Arguably, it is the lack of cogent safety measures tied to concrete physical harm that has made it impossible to ascertain whether child protection systems have — or have not — made incremental progress in achieving their mission. The outcome measure used in this study is not the only measure of child safety that should be utilized by state child welfare systems and ACF, but it is a vital one.
What the study of hospital encounters found
The authors state:
“…among children referred for maltreatment and classified as highest risk (AFST score of 20) the rate of experiencing an any cause injury was 14.5 per 100 compared with children who scored as low risk who had an any cause injury rate of 4.9 per 100. For abuse-associated injury encounters, the rate for high-risk children was 2.0 per 100 and that of low-risk children was 0.2 per 100 … for suicide and self- harm, the high-risk encounter rate was 1.0 per 100 and that of low-risk children was 0.1 per 100.”
In other words, the 5% of highest-risk children had an any-cause injury rate almost three times higher than 50% of the lowest-risk children, and the rate of abusive injury, and self-harm and suicide was 10 times the rate of the lowest-risk children. AFST is a powerful algorithm when applied to one of the most important safety outcomes in child protection.
An algorithm that can connect 5% of children reported to child protection services (CPS) mostly for minor neglect and associated risk factors with rates of any-cause injury or abusive injury 10 times higher than the rates for 50% of the lowest-risk children has the potential to direct resources to families that need them the most, and to inform discussion of how to revise definitions of child neglect. The predictive tool can also be used to separate CPS reports into an investigative track vs. an assessment track in child welfare agencies that employ differential response at intake.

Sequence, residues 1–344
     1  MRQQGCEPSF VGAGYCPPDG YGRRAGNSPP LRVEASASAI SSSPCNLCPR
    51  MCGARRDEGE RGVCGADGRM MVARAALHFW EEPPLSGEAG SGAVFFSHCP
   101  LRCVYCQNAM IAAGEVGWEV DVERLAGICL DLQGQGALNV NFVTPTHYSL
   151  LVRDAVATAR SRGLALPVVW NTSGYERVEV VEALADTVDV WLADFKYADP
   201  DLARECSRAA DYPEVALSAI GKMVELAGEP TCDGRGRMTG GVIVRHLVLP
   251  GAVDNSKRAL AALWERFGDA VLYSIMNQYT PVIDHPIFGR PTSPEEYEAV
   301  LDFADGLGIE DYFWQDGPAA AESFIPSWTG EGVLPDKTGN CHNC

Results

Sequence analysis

High-risk vs. low-risk ratios for Black children were not as large as for other groups. For any-cause injury hospital encounters, “the rate for the high-risk group (of Black children) was 16.1 per 100 compared with 8.1 per 100 for low risk.” The abusive injury rate for the highest-risk Black children was 1.9 per 100 vs. 0.5 per 100 for the lowest-risk children. The authors do not speculate why ratios between high-risk children and low-risk children were substantially less for Black children in screening of GPS reports.
Given these important findings, it is surprising that the authors do not discuss the effect of use of AFST on numbers or rates of injury-related hospital encounters in Allegheny County. However, a recent randomized control trial of AFST in Colorado found a 32% decline in hospitalizations due to child injury for caseworkers using AFST compared with caseworkers engaged in business as usual.